I was feeling a bit nervous about flying into Morocco, since I wasn’t completely familiar with the cultural rules, and it was different from anywhere I had been before. Fortunately, an American guy my sister and I had met earlier in our travels happened to be in the city I was arriving in, and I traveled with him for a couple of weeks as I adjusted to Moroccan dress code, haggling, and transport. He’s a great guy and much more perceptive and less predisposed to judge than most people I know, but there came a point where he simply didn’t understand my perspective.
I had expressed some envy at some of the spontaneous adventures he had had. He told me I simply needed to be more open to those around me. He told me about the time a Dutch man, upon learning my friend was foreign, asked him how he was liking Rotterdam. My friend said his experience hadn’t been so great, and long story short, that’s how he ended up on the motorcycle of a local who was determined to show off his hometown. Rotterdam ended up being one of my friend’s favorite places.
That’s great for him, but hopping on strange men’s bikes is how women get raped and dumped dead on a beach. Sure, most men (and women) would never harm me, but I’m not willing to gamble my life on it. Even in daily interactions where my life isn’t potentially on the line, a misdirected smile or an instant too long of eye contact could mean a catcall, a product being pushed under my nose, or a conversation with the ultimate goal of asking if I have (or want) a boyfriend.
At home, a woman habitually avoids potentially dangerous situations. It’s to the point where she doesn’t even notice–it’s just “common sense” that she doesn’t accept rides from a strange man, or walk in certain areas alone, or let her drunk friend walk out of the bar with a stranger. In foreign environments, these precautions are more conscious. One night in Paris, I was frustrated because I had gone to the wrong train station and missed my night train. I had lost about $35 on the train reservation, and knew I would have to spend about $45 more on metro transport and a hostel, so I was just sitting in the station, stewing. A local man approached me and attempted to communicate, despite that fact that he knew no English or Spanish. He finally got it across that he was offering to let me stay at his place for the night. I refused and resigned myself to going back to the expensive hostel.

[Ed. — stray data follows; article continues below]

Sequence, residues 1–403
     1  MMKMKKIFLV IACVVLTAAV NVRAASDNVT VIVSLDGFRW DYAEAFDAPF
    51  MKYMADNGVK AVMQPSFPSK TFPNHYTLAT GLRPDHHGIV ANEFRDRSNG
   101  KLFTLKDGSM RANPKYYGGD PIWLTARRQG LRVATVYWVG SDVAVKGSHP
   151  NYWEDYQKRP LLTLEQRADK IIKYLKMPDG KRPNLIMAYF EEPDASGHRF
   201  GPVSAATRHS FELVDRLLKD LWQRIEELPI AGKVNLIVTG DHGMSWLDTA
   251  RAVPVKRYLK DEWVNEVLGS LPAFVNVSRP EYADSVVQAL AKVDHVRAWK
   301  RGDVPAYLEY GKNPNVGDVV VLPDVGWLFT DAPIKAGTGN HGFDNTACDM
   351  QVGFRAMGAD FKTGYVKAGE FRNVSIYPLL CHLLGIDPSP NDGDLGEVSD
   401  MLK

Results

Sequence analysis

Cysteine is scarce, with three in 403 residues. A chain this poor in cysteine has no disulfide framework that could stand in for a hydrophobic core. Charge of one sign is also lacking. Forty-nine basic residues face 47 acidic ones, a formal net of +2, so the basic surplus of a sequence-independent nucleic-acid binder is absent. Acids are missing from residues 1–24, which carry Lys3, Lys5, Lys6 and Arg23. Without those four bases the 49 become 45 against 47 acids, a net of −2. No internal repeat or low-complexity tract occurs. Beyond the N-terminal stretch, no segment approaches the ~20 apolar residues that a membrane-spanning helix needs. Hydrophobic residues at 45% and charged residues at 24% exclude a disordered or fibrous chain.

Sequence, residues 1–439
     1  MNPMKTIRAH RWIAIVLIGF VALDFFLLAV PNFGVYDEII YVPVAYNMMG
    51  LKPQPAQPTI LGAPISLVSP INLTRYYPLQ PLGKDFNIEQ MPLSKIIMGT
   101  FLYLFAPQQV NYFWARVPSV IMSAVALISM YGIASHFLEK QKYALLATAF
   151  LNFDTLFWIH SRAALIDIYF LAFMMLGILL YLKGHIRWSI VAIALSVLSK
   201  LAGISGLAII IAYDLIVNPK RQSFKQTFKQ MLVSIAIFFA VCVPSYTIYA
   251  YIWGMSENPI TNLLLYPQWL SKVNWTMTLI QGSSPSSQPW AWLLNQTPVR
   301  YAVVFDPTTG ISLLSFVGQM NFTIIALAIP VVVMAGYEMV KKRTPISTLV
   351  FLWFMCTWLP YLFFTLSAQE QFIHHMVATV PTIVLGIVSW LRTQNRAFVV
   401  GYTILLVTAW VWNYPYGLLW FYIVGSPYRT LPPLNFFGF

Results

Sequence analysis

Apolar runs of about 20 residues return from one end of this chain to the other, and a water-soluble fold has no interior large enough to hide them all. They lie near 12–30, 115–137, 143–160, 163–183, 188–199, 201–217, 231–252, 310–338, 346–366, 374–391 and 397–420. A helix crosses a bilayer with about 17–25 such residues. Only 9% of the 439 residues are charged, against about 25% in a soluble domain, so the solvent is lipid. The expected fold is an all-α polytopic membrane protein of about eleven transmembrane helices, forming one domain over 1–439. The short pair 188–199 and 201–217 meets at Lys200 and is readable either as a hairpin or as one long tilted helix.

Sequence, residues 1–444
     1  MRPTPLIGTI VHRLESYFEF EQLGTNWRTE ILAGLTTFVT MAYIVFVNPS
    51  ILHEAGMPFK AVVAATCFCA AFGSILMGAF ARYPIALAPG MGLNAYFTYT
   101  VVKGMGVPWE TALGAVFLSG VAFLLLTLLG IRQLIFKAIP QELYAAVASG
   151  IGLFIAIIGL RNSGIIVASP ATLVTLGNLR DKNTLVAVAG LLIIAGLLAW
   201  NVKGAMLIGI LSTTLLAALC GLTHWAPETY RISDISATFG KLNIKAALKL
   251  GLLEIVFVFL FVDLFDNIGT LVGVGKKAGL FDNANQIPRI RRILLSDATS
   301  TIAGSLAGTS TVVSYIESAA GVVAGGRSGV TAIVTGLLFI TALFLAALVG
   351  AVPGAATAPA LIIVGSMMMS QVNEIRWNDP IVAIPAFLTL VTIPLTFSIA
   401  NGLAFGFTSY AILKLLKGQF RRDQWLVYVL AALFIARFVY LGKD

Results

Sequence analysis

I’m glad I did. Maybe I would have saved money and woken up to homemade croissants and espresso in a quaint Parisian apartment, or maybe I would have ended up in a homemade body bag like the Argentinian women.
To clarify, those girls did nothing wrong in accepting apparent kindness. It was 100% the men’s fault that they attempted to rape and killed the girls. I hate that we as women have to assume the worst of people, because it often prevents us from seeing the best of people.
Long story short, women approach the world differently than men every day because of the potential for danger. I found in my traveling that when we’re in a foreign environment, women simply have to adapt the strategies we already use. So no, I’m not scared of traveling alone. It’s taught me more about myself and how I interact with the world than any other experience.
Edit: If you want to know more about the women who were killed and the backlash against victim-blaming, here is an excellent article in Spanish, and an adequate article in English, both by BBC. Here is a full English translation of the letter “Yesterday They Killed Me.”